7. Jump up ^ Linton Freeman, The Development of Social Network Analysis. Vancouver: Empirical Press, 2006.
  8. Jump up ^ Anheier, H.K., J. Gerhards en F.P. Romo. 1995. Forms of capital and social structure of fields: examining Bourdieu’s social topography. American Journal of Sociology, 100:859–903
  9. Jump up ^ De Nooy, W. 2003. Fields and networks: Correspondence analysis and social network analysis in the framework of Field Theory. Poetics, 31:305–27
  10. Jump up ^ Senekal, B. A. 2012. Die Afrikaanse literêre sisteem: ʼn Eksperimentele benadering met behulp van Sosiale-netwerk-analise (SNA), LitNet Akademies 9(3)
  11. Jump up ^ McPherson, N., Smith-Lovin, L., Cook, J.M. (2001). "Birds of a feather: Homophily in social networks". Annual Review of Sociology 27. pp. 415–444.
  12. Jump up ^ Podolny, J.M. & Baron, J.N. (1997). Resources and relationships: Social networks and mobility in the workplace. American Sociological Review, 62(5), 673-693.
  13. Jump up ^ Kilduff, M., Tsai, W. (2003). Social networks and organisations. Sage Publications.
  14. ^ Jump up to: a b Kadushin, C. (2012). Understanding social networks: Theories, concepts, and findings. Oxford: Oxford University Press
  15. Jump up ^ Flynn, F.J., Reagans, R.E. & Guillory, L. (2010). Do you two know each other? Transitivity, homophily, and the need for (network) closure. Journal of Personality and Social Psychology, 99(5), 855-869.
  16. ^ Jump up to: a b Granovetter, M. (1973). "The strength of weak ties". American Journal of Sociology 78 (6). pp. 1360–1380.
  17. Jump up ^ Hansen, Derek et al. (2010). Analyzing Social Media Networks with NodeXL. Morgan Kaufmann. p. 32. ISBN 978-0-12-382229-1.
  18. Jump up ^ Liu, Bing (2011). Web Data Mining: Exploring Hyperlinks, Contents, and Usage Data. Springer. p. 271. ISBN 978-3-642-19459-7.
  19. Jump up ^ Hanneman, Robert A. & Riddle, Mark (2011). "Concepts and Measures for Basic Network Analysis". The Sage Handbook of Social Network Analysis. SAGE. pp. 364–367. ISBN 978-1-84787-395-8.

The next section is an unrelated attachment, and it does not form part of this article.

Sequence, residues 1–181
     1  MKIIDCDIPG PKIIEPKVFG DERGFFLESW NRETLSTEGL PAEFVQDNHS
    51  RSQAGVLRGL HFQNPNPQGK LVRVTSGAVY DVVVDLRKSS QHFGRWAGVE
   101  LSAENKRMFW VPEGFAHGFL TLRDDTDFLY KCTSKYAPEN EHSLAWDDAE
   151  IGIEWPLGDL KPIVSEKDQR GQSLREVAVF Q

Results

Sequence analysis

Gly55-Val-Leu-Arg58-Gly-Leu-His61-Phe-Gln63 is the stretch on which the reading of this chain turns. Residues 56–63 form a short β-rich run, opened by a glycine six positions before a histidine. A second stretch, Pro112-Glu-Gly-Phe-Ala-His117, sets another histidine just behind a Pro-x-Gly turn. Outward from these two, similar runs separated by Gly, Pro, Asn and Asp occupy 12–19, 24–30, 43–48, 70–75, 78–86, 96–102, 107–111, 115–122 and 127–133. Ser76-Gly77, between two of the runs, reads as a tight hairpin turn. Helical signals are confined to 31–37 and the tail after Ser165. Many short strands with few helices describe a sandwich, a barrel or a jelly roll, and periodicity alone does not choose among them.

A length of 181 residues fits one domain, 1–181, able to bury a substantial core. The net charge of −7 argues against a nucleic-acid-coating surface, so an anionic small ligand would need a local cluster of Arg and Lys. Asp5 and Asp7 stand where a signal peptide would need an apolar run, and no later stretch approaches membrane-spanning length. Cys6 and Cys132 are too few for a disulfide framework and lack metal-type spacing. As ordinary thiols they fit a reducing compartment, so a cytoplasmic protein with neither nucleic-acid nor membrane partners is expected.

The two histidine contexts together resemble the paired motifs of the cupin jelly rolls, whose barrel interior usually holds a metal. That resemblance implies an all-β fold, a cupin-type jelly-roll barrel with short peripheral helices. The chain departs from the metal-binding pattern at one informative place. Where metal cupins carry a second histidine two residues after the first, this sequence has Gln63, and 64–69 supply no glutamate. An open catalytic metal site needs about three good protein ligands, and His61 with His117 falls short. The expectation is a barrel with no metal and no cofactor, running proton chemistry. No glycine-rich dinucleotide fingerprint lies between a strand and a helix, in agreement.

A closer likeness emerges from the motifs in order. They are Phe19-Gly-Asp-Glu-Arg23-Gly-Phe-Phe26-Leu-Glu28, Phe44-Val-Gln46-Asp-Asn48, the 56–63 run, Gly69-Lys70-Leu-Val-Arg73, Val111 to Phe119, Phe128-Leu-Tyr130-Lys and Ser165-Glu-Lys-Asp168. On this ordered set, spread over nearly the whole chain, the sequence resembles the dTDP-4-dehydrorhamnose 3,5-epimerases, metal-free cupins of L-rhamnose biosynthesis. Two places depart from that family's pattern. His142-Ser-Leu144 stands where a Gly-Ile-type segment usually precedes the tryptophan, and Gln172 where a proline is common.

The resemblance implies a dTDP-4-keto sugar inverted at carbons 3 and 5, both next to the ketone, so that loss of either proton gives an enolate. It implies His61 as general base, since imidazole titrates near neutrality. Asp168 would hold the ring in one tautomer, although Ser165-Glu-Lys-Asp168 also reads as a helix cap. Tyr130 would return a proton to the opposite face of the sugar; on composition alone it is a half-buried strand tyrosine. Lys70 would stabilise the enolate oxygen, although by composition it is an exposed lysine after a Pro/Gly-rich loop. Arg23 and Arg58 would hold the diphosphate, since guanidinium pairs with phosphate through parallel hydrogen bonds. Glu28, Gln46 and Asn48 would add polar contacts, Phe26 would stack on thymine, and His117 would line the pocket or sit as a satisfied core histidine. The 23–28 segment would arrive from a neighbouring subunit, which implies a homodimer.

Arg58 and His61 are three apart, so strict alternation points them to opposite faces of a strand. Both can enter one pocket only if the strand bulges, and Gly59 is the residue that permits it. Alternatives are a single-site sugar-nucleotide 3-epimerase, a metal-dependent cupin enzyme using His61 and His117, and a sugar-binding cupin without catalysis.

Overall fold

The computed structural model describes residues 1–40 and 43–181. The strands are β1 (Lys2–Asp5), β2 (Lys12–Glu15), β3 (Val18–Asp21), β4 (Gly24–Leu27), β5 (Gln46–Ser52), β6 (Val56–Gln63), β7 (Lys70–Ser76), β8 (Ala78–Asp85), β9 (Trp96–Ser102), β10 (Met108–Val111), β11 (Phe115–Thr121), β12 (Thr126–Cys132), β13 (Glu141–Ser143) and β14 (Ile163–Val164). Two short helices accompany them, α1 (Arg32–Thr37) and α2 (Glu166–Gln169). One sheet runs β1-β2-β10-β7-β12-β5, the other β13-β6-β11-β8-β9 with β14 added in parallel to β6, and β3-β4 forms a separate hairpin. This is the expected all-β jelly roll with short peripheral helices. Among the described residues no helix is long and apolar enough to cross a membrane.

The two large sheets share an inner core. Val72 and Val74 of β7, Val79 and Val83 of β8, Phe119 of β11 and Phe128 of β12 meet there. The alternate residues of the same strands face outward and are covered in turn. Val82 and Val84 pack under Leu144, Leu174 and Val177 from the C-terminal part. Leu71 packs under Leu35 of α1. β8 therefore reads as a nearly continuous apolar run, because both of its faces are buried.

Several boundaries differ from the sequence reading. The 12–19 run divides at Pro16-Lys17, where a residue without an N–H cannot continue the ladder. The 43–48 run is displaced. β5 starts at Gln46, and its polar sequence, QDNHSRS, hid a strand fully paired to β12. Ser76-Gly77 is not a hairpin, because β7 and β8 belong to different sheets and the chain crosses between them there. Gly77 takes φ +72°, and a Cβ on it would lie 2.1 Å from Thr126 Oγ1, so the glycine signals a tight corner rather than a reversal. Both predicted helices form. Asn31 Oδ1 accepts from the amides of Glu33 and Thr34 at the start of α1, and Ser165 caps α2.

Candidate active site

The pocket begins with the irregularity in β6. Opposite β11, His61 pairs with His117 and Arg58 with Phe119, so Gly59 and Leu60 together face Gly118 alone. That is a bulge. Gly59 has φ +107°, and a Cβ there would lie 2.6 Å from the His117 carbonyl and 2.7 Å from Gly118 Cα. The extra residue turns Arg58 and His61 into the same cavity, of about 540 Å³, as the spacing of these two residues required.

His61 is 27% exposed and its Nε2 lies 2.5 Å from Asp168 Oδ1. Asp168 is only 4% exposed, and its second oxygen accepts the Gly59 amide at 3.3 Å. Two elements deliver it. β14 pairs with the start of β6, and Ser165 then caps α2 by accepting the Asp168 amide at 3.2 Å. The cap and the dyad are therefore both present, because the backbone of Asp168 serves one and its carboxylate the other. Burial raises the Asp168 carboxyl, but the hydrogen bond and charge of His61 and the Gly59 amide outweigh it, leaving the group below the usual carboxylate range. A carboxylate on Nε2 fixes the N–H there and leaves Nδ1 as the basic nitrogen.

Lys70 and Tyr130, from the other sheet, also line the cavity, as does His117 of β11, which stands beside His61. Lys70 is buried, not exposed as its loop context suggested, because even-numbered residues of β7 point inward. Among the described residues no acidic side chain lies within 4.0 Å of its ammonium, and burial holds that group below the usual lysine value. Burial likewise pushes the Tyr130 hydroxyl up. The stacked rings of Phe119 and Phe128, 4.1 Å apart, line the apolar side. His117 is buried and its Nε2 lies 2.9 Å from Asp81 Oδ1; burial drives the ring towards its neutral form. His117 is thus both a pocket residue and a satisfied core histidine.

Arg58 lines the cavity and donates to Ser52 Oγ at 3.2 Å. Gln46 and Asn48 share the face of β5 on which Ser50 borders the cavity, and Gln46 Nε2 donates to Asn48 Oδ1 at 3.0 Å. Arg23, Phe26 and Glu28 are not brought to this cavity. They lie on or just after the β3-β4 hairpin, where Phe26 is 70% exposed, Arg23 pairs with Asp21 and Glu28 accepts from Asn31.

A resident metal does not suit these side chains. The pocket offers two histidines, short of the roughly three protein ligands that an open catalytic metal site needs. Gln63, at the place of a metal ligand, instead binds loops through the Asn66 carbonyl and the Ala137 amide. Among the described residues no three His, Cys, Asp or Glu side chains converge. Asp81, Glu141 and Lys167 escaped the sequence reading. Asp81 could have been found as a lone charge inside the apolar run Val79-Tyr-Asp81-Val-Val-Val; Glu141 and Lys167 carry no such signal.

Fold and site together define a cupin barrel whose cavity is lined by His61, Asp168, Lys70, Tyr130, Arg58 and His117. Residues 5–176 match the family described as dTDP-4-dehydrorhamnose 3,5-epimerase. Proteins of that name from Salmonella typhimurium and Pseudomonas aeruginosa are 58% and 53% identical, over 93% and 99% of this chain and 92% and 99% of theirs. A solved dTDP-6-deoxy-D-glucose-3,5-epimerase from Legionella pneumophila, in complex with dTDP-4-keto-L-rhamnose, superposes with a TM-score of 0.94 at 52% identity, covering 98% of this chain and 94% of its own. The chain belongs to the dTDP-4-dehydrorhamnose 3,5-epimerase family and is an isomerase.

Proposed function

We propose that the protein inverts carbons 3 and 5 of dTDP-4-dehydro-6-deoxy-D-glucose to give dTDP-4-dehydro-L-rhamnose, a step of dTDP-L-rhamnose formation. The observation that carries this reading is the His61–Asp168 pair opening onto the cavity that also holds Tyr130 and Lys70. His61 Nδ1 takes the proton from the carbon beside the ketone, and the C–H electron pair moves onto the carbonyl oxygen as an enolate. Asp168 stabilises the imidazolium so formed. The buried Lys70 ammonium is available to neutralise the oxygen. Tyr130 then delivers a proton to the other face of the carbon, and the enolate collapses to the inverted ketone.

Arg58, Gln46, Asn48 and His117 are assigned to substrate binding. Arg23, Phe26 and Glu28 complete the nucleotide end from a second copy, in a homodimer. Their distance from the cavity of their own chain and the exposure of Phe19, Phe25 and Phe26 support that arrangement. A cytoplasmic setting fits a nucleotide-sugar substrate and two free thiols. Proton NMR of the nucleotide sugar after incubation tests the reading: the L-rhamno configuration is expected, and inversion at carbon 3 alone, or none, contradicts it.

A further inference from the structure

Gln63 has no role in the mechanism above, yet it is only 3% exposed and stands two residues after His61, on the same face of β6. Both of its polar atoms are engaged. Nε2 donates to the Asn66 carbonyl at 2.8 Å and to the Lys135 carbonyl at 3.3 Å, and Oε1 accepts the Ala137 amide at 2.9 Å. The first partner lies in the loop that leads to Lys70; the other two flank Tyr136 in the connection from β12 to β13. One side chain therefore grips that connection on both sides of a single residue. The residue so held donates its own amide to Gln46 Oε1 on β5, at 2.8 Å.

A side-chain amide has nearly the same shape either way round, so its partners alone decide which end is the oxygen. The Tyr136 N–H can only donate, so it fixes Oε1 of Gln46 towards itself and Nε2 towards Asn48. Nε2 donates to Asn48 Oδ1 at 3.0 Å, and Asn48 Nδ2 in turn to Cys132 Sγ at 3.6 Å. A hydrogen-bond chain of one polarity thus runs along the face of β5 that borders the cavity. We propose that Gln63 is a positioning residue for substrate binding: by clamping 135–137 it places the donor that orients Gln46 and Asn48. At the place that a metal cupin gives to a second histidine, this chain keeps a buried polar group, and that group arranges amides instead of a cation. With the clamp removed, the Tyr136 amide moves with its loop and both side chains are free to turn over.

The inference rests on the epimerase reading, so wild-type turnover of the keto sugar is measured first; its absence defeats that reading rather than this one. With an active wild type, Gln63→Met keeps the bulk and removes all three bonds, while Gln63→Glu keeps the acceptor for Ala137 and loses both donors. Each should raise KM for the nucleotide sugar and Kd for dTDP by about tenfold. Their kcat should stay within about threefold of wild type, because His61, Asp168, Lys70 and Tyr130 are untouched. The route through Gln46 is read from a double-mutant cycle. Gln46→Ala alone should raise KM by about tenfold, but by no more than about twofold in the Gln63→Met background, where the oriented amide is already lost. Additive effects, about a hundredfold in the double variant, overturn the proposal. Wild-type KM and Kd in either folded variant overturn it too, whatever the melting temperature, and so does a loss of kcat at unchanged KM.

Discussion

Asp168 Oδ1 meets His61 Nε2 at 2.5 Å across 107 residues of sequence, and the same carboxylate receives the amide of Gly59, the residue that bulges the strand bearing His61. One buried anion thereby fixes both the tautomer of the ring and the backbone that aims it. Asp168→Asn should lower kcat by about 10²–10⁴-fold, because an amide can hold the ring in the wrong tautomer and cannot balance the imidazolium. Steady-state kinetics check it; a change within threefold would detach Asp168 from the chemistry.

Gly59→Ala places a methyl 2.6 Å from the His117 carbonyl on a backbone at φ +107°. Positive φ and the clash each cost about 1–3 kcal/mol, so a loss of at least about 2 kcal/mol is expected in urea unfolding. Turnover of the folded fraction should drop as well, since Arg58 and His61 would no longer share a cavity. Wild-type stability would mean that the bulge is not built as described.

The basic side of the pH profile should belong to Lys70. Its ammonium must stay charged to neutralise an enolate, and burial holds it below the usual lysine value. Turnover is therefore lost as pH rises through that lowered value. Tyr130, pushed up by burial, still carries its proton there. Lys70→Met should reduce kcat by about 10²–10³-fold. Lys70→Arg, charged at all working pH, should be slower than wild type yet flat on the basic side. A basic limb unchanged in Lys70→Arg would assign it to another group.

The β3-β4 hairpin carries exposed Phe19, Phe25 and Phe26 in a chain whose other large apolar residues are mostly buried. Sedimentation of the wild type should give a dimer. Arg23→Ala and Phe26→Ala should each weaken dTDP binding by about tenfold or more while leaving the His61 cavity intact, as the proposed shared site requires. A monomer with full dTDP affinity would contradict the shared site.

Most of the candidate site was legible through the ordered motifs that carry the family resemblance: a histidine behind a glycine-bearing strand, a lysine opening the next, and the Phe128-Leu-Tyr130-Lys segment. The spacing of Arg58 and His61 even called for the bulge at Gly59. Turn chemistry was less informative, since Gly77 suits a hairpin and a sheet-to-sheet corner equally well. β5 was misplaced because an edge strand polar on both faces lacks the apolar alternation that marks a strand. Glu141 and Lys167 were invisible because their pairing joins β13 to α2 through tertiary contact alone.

20. Jump up ^ Tsvetovat, Maksim & Kouznetsov, Alexander (2011). Social Network Analysis for Startups: Finding Connections on the Social Web. O'Reilly. p. 45. ISBN 978-1-4493-1762-1.
  21. Jump up ^ The most comprehensive reference is: Wasserman, Stanley, & Faust, Katherine. (1994). Social Networks Analysis: Methods and Applications. Cambridge: Cambridge University Press. A short, clear basic summary is in Krebs, Valdis. (2000). "The Social Life of Routers." Internet Protocol Journal, 3 (December): 14–25.
  22. Jump up ^ Opsahl, Tore; Agneessens, Filip; Skvoretz, John (2010). "Node centrality in weighted networks: Generalizing degree and shortest paths". Social Networks 32 (3): 245. doi:10.1016/j.socnet.2010.03.006.
  23. Jump up ^ "Social Network Analysis". Field Manual 3-24: Counterinsurgency. Headquarters, Department of the Army. pp. B–11 – B–12.
  24. Jump up ^ Xu, Guandong et al (2010). Web Mining and Social Networking: Techniques and Applications. Springer. p. 25. ISBN 978-1-4419-7734-2.
  25. Jump up ^ Cohesive.blocking is the R program for computing structural cohesion according to the Moody-White (2003) algorithm. This wiki site provides numerous examples and a tutorial for use with R.
  26. Jump up ^ Hanneman, Robert A. & Riddle, Mark (2011). "Concepts and Measures for Basic Network Analysis". The Sage Handbook of Social Network Analysis. SAGE. pp. 346–347. ISBN 978-1-84787-395-8.
  27. Jump up ^ Moody, James, and Douglas R. White (2003). "Structural Cohesion and Embeddedness: A Hierarchical Concept of Social Groups." American Sociological Review 68(1):103–127. Online: (PDF file).
  28. Jump up ^ Pattillo, Jeffrey et al (2011). "Clique relaxation models in social network analysis". In Thai, My T. & Pardalos, Panos M. Handbook of Optimization in Complex Networks: Communication and Social Networks. Springer. p. 149. ISBN 978-1-4614-0856-7.
  29. Jump up ^ McGrath, Blythe and Krackhardt. 1997. "The effect of spatial arrangement on judgements and errors in interpreting graphs". Social Networks 19: 223-242.
  30. Jump up ^ Bernie Hogan, Juan-Antonio Carrasco and Barry Wellman, "Visualizing Personal Networks: Working with Participant-Aided Sociograms," Field Methods 19 (2), May 2007: 116-144.
  31. Jump up ^ Golbeck, J. (2013). Analyzing the Social Web. Morgan Kaufmann, ISBN 0-12-405856-6>
  32. Jump up ^ "NSA warned to rein in surveillance as agency reveals even greater scope". 17 July 2013. Retrieved 19 July 2013.
  33. Jump up ^ "How The NSA Uses Social Network Analysis To Map Terrorist Networks". 12 June 2013. Retrieved 19 Jul 2013.
  34. Jump up ^ "NSA Using Social Network Analysis". 12 May 2006. Retrieved 19 July 2013.
  35. Jump up ^ "NSA has massive database of Americans' phone calls". 11 May 2006. Retrieved 19 July 2013.

External links

Further reading

Organizations

Peer-reviewed journals

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Data sets

Categories:

Author:Bling King
Published:Dec 23rd 2013
Modified:Dec 23rd 2013